Christian was placed in Goodman’s new sextet, which included Lionel Hampton, Fletcher Henderson, Artie Bernstein and Nick Fatool. By February 1940 Christian dominated the jazz and swing guitar polls and was elected to the Metronome All Stars. In the spring of 1940 Goodman let most of his entourage go in a reorganization. He retained Christian, and in the fall of that year Goodman led a sextet with Christian, Count Basie, longtime Duke Ellington trumpeter Cootie Williams, former Artie Shaw tenor saxophonist Georgie Auld and later drummer Dave Tough. This all-star band dominated the jazz polls in 1941, including another election to the Metronome All Stars for Christian. Johnny Guarnieri, who replaced Henderson in the first sextet, filled the piano chair in Basie’s absence.

In 1966, 24 years after his death, Christian was inducted into the Down Beat Jazz Hall of Fame. In 1989, he was one of the first inductees into the Oklahoma Jazz Hall of Fame.

Christian’s solos are frequently described as “horn-like”, and in that sense he was more influenced by horn players such as Lester Young and Herschel Evans than by early acoustic guitarists like Eddie Lang and the jazz- and bluesman Lonnie Johnson, although they both had contributed to the expansion of the guitar’s role from the rhythm section to a solo instrument. Christian stated he wanted his guitar to sound like a tenor saxophone. The French gypsy jazz guitarist Django Reinhardt had little influence on him, but Christian was obviously familiar with some of his recordings. The guitarist Mary Osborne recalled hearing him play Django’s solo on “St. Louis Blues” note for note, but then following it with his own ideas.

By 1939 there had already been electric guitar soloists—Leonard Ware; George Barnes; the trombonist and composer Eddie Durham, who had recorded with Count Basie’s Kansas City Six; Floyd Smith, who recorded “Floyd’s Guitar Blues” with Andy Kirk in March 1939, using an amplified lap steel guitar; and the Texas Swing pioneer Eldon Shamblin, who was using amplified electric guitar with Bob Wills.

Christian paved the way for the modern electric guitar sound being the first person to use the guitar as a solo instrument opening the door for other pioneers….

Christian paved the way for the modern electric guitar sound being the first person to use the guitar as a solo instrument opening the door for other pioneers, including T-Bone Walker, Eddie Cochran, Cliff Gallup, Scotty Moore, Franny Beecher, B.B. King, Chuck Berry, Carlos Santana and Jimi Hendrix. For this reason Christian was inducted in 1990 into the Rock and Roll Hall of Fame.

Christian’s exposure was so great in the brief period he played with Goodman that he influenced not only guitarists but other musicians as well. The influence he had on “Dizzy” Gillespie, Charlie Parker, Thelonious Monk and Don Byas can be heard on their early bop recordings “Blue ‘N’ Boogie” and “Salt Peanuts”. Other musicians, such as the trumpeter Miles Davis, cited Christian as an early influence. Indeed, Christian’s “new” sound influenced jazz as a whole. He reigned supreme in the jazz guitar polls up to two years after his death. Earth/Black Sabbath’s first manager Jim Simpson describes the band’s first song, “A Song for Jim” as an “absolute Charlie Christian takeoff.” Around this time Christian moved to New York City and Specifically to Harlem.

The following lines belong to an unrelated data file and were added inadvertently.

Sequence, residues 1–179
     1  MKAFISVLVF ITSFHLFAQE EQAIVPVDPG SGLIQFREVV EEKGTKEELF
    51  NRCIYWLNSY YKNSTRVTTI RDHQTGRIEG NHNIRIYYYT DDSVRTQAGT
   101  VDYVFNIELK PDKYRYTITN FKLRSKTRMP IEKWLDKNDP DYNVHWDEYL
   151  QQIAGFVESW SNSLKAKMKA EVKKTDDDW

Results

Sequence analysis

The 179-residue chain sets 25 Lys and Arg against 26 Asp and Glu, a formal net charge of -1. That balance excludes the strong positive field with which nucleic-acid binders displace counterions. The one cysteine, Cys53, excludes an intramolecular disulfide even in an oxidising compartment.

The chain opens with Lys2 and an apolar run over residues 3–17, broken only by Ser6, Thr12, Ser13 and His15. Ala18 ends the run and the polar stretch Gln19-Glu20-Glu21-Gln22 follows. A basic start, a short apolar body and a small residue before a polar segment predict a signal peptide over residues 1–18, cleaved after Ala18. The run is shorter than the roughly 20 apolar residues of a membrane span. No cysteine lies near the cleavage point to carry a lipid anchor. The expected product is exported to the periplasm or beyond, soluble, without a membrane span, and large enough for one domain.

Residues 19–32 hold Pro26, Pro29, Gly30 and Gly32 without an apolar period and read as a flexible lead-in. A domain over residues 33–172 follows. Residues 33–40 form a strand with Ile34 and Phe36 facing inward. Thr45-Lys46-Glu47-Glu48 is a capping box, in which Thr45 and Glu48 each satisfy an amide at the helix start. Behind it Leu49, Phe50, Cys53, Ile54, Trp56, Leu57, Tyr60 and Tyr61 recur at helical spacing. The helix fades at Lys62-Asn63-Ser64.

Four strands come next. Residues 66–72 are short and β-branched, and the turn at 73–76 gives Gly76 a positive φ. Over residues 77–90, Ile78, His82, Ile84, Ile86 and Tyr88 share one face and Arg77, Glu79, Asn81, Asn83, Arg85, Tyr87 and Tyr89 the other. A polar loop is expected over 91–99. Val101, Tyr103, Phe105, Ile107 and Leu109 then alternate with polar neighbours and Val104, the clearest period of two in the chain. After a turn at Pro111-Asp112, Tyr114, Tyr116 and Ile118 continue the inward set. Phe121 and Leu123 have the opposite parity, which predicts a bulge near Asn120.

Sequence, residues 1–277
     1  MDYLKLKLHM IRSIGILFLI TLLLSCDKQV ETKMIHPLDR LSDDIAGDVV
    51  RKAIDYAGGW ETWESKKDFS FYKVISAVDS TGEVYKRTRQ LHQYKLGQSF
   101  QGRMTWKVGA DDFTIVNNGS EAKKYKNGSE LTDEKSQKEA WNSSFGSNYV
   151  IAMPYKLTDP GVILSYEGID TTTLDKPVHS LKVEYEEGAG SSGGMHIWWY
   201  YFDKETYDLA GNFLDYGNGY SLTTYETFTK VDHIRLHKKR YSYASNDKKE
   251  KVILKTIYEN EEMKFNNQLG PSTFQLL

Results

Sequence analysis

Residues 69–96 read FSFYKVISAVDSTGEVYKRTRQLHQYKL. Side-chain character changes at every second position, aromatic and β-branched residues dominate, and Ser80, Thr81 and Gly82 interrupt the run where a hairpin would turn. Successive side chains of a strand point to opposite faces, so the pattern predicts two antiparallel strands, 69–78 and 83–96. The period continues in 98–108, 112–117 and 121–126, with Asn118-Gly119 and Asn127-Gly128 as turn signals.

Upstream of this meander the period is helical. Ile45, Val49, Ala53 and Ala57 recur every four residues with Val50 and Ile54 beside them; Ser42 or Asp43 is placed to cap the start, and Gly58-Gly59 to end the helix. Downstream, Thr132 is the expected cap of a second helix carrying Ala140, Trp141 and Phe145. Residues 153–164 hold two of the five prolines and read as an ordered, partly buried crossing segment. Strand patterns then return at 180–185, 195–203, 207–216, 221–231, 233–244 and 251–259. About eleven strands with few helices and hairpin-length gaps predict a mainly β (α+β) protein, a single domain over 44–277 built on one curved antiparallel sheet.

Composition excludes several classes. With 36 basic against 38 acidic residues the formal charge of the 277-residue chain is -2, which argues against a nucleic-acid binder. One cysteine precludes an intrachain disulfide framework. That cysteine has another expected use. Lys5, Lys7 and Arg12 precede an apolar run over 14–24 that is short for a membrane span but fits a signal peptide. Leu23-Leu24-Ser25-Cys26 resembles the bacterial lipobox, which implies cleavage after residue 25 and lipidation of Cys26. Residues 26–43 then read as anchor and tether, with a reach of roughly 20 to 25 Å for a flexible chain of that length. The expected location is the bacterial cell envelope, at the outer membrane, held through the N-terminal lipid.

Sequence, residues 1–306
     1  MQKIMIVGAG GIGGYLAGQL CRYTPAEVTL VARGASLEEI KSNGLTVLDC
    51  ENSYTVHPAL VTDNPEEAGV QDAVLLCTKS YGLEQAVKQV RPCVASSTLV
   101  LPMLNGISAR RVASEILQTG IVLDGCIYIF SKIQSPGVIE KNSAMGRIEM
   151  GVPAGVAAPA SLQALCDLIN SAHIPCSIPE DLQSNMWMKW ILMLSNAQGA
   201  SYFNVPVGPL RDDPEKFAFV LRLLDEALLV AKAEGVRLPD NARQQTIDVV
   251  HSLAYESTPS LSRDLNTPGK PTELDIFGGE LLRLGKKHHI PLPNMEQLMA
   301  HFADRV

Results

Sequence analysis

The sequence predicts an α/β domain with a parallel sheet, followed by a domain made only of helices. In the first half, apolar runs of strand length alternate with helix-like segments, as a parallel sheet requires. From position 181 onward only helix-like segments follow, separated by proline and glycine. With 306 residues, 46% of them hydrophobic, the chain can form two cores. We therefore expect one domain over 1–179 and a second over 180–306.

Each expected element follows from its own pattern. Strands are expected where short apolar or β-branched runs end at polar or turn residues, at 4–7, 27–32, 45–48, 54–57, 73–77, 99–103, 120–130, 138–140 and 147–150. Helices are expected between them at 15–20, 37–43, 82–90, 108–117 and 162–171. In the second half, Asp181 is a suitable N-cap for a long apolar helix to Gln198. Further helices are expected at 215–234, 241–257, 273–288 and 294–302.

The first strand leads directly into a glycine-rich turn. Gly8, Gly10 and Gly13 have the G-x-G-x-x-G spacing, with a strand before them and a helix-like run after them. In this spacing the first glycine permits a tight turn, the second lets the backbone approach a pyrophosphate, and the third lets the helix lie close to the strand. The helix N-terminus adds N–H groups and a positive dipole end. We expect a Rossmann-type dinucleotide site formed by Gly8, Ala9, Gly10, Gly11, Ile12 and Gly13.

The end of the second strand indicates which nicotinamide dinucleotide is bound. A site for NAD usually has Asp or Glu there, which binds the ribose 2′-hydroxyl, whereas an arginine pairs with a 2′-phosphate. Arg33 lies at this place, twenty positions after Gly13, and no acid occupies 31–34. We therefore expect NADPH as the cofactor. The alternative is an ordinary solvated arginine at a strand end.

Christian was an important contributor to the music that became known as bop, or bebop. Some of the participants in those early after-hours affairs at Minton’s Playhouse, where bebop was born, credit Christian with the name bebop, citing his humming of phrases as the onomatopoetic origin of the term.

Christian was an important contributor to the music that became known as bop, or bebop. Some of the participants in those early after-hours affairs at Minton’s Playhouse, where bebop was born, credit Christian with the name bebop, citing his humming of phrases as the onomatopoetic origin of the term.

Private recordings made in September 1939 in Minneapolis, Minnesota, by Jerry Newhouse, a Goodman aficionado, capture the newly hired Christian while on the road with Goodman and feature Goodman’s tenor sax player Jerry Jerome and then-local bassist Oscar Pettiford. Taking multiple solos, Christian shows much the same improvisational skills later captured on the Minton’s and Monroe’s recordings in 1941, suggesting that he had already matured as a musician. The Minneapolis recordings include “Stardust”, “Tea for Two”, and “I’ve Got Rhythm”, the latter a favorite of bop composers and jammers.

An even more striking example is a series of recordings made at Minton’s Playhouse, an after-hours club located in the Hotel Cecil, at 210 West 118th Street in Harlem…

An even more striking example is a series of recordings Live Sessions at Minton’s Playhouse, an after-hours club located in the Hotel Cecil, at 210 West 118th Street in Harlem, by Jerry Newman, a student at Columbia University, on a portable disk recorder in 1941, in which Christian was accompanied by Joe Guy on trumpet, Kenny Kersey on piano and Kenny Clarke on drums.